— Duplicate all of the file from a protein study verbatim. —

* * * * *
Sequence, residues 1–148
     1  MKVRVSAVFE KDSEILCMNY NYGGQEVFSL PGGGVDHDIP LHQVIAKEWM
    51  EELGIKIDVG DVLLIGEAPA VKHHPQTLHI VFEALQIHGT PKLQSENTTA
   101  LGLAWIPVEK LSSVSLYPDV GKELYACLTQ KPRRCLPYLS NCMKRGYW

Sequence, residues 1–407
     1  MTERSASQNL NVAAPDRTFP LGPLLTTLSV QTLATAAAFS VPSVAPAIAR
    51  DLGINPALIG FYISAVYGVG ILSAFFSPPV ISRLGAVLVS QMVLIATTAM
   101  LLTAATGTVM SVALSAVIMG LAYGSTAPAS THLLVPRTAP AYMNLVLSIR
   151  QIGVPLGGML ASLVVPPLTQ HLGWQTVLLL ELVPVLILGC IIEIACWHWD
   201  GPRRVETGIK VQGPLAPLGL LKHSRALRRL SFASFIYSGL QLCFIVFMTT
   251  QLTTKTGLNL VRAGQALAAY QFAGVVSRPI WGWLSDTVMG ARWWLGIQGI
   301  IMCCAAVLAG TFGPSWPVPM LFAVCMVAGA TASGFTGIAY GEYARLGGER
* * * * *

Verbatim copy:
Sequence, residues 1–148
     1  MKVRVSAVFE KDSEILCMNY NYGGQEVFSL PGGGVDHDIP LHQVIAKEWM
    51  EELGIKIDVG DVLLIGEAPA VKHHPQTLHI VFEALQIHGT PKLQSENTTA
   101  LGLAWIPVEK LSSVSLYPDV GKELYACLTQ KPRRCLPYLS NCMKRGYW

Sequence, residues 1–407
     1  MTERSASQNL NVAAPDRTFP LGPLLTTLSV QTLATAAAFS VPSVAPAIAR
    51  DLGINPALIG FYISAVYGVG ILSAFFSPPV ISRLGAVLVS QMVLIATTAM
   101  LLTAATGTVM SVALSAVIMG LAYGSTAPAS THLLVPRTAP AYMNLVLSIR
   151  QIGVPLGGML ASLVVPPLTQ HLGWQTVLLL ELVPVLILGC IIEIACWHWD
   201  GPRRVETGIK VQGPLAPLGL LKHSRALRRL SFASFIYSGL QLCFIVFMTT
   251  QLTTKTGLNL VRAGQALAAY QFAGVVSRPI WGWLSDTVMG ARWWLGIQGI
   301  IMCCAAVLAG TFGPSWPVPM LFAVCMVAGA TASGFTGIAY GEYARLGGER